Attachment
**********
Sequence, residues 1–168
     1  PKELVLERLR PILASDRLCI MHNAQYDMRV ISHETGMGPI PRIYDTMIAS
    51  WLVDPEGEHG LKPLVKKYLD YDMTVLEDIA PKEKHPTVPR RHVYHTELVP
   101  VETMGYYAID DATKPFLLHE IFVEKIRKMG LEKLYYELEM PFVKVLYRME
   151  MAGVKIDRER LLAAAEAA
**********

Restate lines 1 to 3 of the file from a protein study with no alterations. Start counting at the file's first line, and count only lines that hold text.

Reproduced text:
Sequence, residues 1–168
     1  PKELVLERLR PILASDRLCI MHNAQYDMRV ISHETGMGPI PRIYDTMIAS
    51  WLVDPEGEHG LKPLVKKYLD YDMTVLEDIA PKEKHPTVPR RHVYHTELVP